Last night, the 2008 Golden Globes were a ludicrous and fascinating experiment of NBC’s incompetence (Sepinwall tears them a new one here) and a sense that what we were watching was memorable not due to any of the winners but rather because it was just difficult to watch. I tried to LiveBlog it, which was a horrible mistake in every possible way, but it did get me thinking about something.
You see, usually we consider the concepts of Winners and Losers in terms of who won awards, but that really isn’t the question here. The real concern is that by not airing the awards, some of the Golden Globes buzz which could benefit these performers in their future award races or in their future ratings/DVD sales. The lack of hoopla actually hurt some of the winners, dampening the effect of what would have been an entertaining surprise victory.
So let’s look at a bit of an unconventional concept of “winners” and “Losers” after last night’s intriguing events.
Winner – 30 Rock
Yes, it lost Best Comedy Series. And yes, it also ludicrously lost Best Actor in a Comedy Series when David Duchovony beat Alec Baldwin. But Tina Fey’s victory shows that an American-made, New York shot comedy series with little to no connection to the international markets (Although Interrogation Bear might differ) is capable of winning even when it’s not Alec Baldwin, which may end up as all of the respect that the HFPA has to give.
Loser – Mad Men
I would have paid money to see the stunned reaction of the partying attendees to Jon Hamm’s win as Best Actor in a Drama Series, but instead we got Billy Bush’s quip about how it was humorous for an actor to have the name “Hamm.” The impact was entirely gone – it was a great endnote for critics and those who enjoy fine television, but the general population will easily shrug off both Hamm’s win and the series’ eventual triumph in Best Drama Series. Still, this is a qualified sense of loser – it’s a winner in my mind, certainly.
Winner – Juno
Yes, a film which was completely shut out at the Golden Globes is actually labeled a “Winner” in my crazy and insane world. The reasoning is simple: the film has all of the box office buzz and the word of mouth buzz in the world, as it vaults towards the $100 Million mark. If the Globes was a huge spectacle, the losses would have really resonated: instead, the impact is minimal at best, especially amongst non-award aficionados. Diablo Cody and Ellen Page now get to continue their march to Oscar Nominations without any questions of their candidacy.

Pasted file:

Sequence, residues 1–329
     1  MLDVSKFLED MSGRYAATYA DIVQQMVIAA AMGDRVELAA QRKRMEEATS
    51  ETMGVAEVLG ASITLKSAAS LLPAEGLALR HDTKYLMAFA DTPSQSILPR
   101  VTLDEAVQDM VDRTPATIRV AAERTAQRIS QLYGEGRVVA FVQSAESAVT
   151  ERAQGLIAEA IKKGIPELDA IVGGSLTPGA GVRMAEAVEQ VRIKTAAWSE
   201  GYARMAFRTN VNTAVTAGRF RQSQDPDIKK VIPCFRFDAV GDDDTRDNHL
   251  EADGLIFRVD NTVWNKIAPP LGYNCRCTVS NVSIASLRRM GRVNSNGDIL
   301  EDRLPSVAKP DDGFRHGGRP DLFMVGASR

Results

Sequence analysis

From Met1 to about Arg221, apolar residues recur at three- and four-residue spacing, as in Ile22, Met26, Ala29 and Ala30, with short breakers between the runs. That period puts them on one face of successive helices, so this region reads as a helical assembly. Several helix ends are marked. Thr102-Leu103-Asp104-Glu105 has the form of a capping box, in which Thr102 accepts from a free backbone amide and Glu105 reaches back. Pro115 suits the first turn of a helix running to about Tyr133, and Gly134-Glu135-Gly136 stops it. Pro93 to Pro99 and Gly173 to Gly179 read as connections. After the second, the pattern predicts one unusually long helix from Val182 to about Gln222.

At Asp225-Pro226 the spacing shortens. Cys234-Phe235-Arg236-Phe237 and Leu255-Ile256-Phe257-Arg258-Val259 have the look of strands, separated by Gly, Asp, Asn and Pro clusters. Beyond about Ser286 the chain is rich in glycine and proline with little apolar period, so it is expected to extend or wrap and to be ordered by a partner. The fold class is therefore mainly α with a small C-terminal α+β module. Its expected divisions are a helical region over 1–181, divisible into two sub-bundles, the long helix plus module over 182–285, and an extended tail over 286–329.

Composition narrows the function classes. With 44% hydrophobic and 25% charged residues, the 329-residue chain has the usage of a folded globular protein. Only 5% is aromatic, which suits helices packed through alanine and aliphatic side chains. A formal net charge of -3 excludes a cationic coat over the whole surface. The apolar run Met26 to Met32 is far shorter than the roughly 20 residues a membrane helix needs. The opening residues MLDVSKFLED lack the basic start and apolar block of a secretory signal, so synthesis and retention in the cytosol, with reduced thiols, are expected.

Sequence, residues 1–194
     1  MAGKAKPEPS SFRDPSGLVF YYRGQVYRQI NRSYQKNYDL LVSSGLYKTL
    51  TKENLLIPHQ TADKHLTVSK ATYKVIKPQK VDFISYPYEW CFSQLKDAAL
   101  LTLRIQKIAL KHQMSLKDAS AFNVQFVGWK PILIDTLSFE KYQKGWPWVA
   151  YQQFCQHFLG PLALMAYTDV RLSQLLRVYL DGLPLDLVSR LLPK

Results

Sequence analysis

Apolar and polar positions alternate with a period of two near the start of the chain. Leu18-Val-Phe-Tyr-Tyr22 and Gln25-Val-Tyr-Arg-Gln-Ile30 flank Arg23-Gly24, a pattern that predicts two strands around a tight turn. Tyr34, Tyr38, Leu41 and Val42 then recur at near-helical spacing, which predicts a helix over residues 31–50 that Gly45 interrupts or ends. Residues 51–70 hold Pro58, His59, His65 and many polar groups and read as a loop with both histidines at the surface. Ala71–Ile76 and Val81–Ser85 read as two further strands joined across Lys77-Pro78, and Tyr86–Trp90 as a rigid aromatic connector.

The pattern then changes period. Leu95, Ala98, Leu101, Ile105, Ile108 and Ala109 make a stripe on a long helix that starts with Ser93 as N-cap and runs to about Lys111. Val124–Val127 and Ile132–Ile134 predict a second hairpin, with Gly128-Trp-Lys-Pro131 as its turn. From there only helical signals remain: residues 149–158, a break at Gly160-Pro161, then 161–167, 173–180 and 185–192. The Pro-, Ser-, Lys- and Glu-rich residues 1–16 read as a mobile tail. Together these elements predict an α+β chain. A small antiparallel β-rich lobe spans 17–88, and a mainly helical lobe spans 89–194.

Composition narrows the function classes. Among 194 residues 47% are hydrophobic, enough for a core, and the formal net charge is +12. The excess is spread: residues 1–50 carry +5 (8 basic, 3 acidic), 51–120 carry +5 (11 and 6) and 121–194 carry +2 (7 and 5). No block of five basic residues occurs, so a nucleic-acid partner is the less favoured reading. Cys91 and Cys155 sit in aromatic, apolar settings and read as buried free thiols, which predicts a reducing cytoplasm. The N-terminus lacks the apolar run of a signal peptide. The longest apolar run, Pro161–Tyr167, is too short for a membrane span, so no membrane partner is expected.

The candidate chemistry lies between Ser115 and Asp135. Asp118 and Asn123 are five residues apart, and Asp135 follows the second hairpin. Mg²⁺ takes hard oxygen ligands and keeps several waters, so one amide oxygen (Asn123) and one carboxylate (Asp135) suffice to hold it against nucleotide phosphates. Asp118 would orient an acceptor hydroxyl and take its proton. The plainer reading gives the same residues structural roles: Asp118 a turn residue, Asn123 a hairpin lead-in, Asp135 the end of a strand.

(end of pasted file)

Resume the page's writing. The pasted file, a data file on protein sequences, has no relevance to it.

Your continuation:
Loser – Atonement
Now I’m just crazy – it won Best Picture (Drama), its first major win in the award precursors, so how can I possibly call it a loser? Well, unfortunately, the Golden Globes press conference won’t quite be the same bump that the awards show itself was – not being able to see the intoxicated production team of the film take the stage and give a cut short speech is going to severely damage its positive spin heading into a competitive Best Picture category.
Winners – People Who Watched CNN/E!/TV Guide
Everyone who did so, kudos to you – you got to see less annoying entertainment hosts introduce the awards in a traditional fashion without inserting their own commentary on a regular basis. It was simple, only a half-hour long, and generally the much better way to enjoy this process.
Losers – Billy Bush and NBC
I don’t quite want to refer to Billy Bush as the scourge of mankind, but seriously – his commentary throughout the episode was more embarrassing than we could have even imagined. Whether it was questioning Cate Blanchett’s win due to her playing a man, or just being plain ol’ ignorant about some other categories (He has serious issues about the comedy/drama split), it was both unnecessary and painful to watch. NBC’s decision to air the special as a one-hour, hideously padded affair was done for a variety of reasons (Ad revenue, ratings, etc.), but it just came off as nothing but tacky.
Edit: And, to add insult to injury? Only 5.4 Million viewers showed up to watch NBC’s coverage of the winners. That’s just rough.